Despite the limited scope of the state’s medical cannabis law, and the strong opposition by its governor, the president of the newly-formed New Jersey Cannabusiness Association is optimistic about the industry’s future in the Garden State, but any major overhauls will most certainly wait until 2018.
“No one expects Gov. [Chris] Christie to sign an adult-use bill,” Scott Rudder, the association president and former state legislator, said in an interview with Ganjapreneur. “Gov. Christie’s term ends in January 2018 – so one year from now we’ll have a new governor. Our job is to work with the various candidates…to get their buy-in and support for both the expansion of the medical program as well as the migration into an adult-use program.”
Admittedly, it took a while for Rudder, 47, to get here – actively supporting an adult-use program in the state where the Republican served two terms in the legislature (he did not seek reelection in 2013). In 2009 he had an opportunity to vote on the medical cannabis bill and abstained. “I was not there yet,” he explained, describing his mindset eight years ago. “I was uncomfortable.”
But as time went on, Rudder did more research and spent time with the Wilson family – who moved from New Jersey to Colorado in 2014 in order to access medical cannabis for their then-3-year-old daughter Vivian, who suffers from Dravet syndrome. He called the experience “transformational” and realized that New Jersey’s medical cannabis program had failed the family.
“Who are we to say, as legislators, what a doctor should and should not prescribe to somebody in need,” Rudder said. “So that was sort of the awakening if you will.”
He was one of the members of the New Jersey delegation that went on a fact-finding mission to Colorado last October, where legislators and stakeholders met with state health officials, members of law enforcement, and industry leaders. He came away thinking, “The benefits dramatically outweigh any of the concerns.”
“After discussions with folks in the legislature and folks in the industry, I felt that there was a need for an industry-based trade association to help businesses that currently exist in New Jersey, that currently operate in New Jersey but also to help grow the industry as we are moving forward.”
From the organization’s website:
The New Jersey CannaBusiness Association’s mission is simple: “Promote jobs and growth in a sustainable and responsible cannabis industry. Starting with the pioneers in the medical marijuana market to the emerging players in the adult-use space, our focus is to make certain that decision makers and regulators understand and respect the needs of the CannaBusiness community and that our community remain responsible corporate citizens.”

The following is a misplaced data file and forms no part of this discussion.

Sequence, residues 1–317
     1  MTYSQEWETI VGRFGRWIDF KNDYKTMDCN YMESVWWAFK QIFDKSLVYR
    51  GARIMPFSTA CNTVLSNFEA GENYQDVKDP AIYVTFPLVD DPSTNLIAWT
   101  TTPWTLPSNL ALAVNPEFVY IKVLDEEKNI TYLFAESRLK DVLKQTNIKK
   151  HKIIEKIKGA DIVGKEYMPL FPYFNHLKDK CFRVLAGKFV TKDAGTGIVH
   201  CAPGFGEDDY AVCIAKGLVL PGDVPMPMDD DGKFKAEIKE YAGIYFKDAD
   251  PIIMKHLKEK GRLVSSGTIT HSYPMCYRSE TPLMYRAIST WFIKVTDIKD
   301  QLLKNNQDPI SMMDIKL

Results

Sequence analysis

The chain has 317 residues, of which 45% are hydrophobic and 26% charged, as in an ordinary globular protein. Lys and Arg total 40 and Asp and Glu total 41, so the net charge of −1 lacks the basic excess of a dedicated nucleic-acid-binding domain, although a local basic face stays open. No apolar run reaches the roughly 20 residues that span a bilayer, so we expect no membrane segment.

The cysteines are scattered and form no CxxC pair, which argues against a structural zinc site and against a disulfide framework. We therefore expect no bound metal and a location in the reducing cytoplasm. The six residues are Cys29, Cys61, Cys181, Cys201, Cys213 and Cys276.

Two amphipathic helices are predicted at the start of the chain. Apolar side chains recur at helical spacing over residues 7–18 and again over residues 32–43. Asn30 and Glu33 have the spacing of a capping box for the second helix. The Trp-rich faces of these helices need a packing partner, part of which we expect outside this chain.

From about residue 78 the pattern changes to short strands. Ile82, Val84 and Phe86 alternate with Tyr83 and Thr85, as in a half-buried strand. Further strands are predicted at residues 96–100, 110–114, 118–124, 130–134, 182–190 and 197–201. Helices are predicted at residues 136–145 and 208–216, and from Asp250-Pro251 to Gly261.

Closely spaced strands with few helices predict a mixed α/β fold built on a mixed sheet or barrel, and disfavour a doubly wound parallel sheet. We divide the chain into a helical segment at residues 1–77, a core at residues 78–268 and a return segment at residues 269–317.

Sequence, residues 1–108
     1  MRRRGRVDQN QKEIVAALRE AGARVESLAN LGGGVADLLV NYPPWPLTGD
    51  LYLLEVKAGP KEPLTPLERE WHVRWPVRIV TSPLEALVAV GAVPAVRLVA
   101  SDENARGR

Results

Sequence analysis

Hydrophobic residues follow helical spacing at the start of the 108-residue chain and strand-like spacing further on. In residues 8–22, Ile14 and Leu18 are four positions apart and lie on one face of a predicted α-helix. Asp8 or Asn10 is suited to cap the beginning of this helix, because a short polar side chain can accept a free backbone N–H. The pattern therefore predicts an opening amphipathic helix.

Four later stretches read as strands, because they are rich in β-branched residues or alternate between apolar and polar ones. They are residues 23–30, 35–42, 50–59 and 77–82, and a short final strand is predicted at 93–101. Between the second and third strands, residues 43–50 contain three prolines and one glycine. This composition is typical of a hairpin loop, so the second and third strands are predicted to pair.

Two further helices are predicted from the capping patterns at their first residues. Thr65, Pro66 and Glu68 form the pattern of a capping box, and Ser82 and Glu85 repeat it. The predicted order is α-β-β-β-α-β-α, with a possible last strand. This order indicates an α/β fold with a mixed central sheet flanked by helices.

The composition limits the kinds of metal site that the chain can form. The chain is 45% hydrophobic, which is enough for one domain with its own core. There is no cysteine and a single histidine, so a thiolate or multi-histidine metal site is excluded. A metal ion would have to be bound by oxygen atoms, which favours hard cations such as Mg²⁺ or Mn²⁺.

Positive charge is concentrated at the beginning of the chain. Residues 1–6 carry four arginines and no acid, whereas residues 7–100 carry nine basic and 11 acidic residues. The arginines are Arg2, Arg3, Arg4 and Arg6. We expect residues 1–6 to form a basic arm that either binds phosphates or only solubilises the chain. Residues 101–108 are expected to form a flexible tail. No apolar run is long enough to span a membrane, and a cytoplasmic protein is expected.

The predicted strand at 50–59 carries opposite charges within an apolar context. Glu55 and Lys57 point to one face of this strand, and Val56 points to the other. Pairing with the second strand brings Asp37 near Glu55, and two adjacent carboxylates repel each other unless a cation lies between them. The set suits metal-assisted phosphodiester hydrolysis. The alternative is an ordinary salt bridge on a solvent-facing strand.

In addition to the companies already operating under New Jersey’s medical cannabis program, Rudder explained that there are people living in the state that are engaged in other state markets, whether it’s ownership or investment, and many individuals and entities have already started preparing for eventual legalization in New Jersey after Christie’s term ends. The association is not only building a network between business owners and stakeholders but also hopes to educate the public and lawmakers through outreach, while advocating for a “welcoming and not limited” regulatory structure. Based on conversations with his former colleagues, Rudder said it’s clear that eliminating the informal market is a bipartisan issue.
“Everybody wants to make sure it’s not something kids are buying on street corners,” he said. “You see time and again where cannabis is legalized… crime goes down, teenage use goes down – and that’s something we are going to experience in New Jersey as well.”
The association is still debating which regulation model best suits the state but it’s important to the organization that the medical cannabis program not only remains intact but is expanded. Rudder applauded the recent move by Christie to add post-traumatic stress disorder to the qualifying condition list but would still like to see more comprehensive reforms, including the number of qualifying conditions and dispensaries operating in the state.
According to a New Jersey Policy Perspective and New Jersey United for Marijuana Reform report, a “fully implemented” adult-use market in the state “could generate at least $300 million in annual direct tax revenues.” Rudder predicts – based on Colorado’s sales numbers and studies on New Jersey’s informal cannabis market – that his state could “surpass Colorado in terms of jobs created [and] revenue generated.”
“This movement in New Jersey has been happening for quite some time,” he said, commenting on whether or not the push in the state is the result of the recent electoral success in fellow Eastern states Maine and Massachusetts. “It’s more of a groundswell at a local level here in Jersey than anything that is a direct result of what’s happened in other states. Though, it’s fantastic to see how other states are reacting to it.”
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